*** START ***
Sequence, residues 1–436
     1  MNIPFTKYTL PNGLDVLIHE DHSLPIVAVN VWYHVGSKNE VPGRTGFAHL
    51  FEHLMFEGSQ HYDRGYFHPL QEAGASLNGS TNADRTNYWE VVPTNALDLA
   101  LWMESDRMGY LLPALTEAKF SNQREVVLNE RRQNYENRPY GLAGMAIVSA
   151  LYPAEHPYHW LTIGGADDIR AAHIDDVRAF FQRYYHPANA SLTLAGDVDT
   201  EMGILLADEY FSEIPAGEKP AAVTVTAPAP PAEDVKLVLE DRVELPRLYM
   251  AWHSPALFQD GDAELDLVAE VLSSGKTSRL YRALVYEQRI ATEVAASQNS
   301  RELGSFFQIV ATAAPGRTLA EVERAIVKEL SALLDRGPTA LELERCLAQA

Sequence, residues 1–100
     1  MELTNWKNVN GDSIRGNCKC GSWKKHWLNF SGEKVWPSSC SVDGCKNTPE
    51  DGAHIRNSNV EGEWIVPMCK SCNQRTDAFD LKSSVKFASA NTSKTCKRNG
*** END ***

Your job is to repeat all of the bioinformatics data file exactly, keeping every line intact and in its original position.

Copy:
Sequence, residues 1–436
     1  MNIPFTKYTL PNGLDVLIHE DHSLPIVAVN VWYHVGSKNE VPGRTGFAHL
    51  FEHLMFEGSQ HYDRGYFHPL QEAGASLNGS TNADRTNYWE VVPTNALDLA
   101  LWMESDRMGY LLPALTEAKF SNQREVVLNE RRQNYENRPY GLAGMAIVSA
   151  LYPAEHPYHW LTIGGADDIR AAHIDDVRAF FQRYYHPANA SLTLAGDVDT
   201  EMGILLADEY FSEIPAGEKP AAVTVTAPAP PAEDVKLVLE DRVELPRLYM
   251  AWHSPALFQD GDAELDLVAE VLSSGKTSRL YRALVYEQRI ATEVAASQNS
   301  RELGSFFQIV ATAAPGRTLA EVERAIVKEL SALLDRGPTA LELERCLAQA

Sequence, residues 1–100
     1  MELTNWKNVN GDSIRGNCKC GSWKKHWLNF SGEKVWPSSC SVDGCKNTPE
    51  DGAHIRNSNV EGEWIVPMCK SCNQRTDAFD LKSSVKFASA NTSKTCKRNG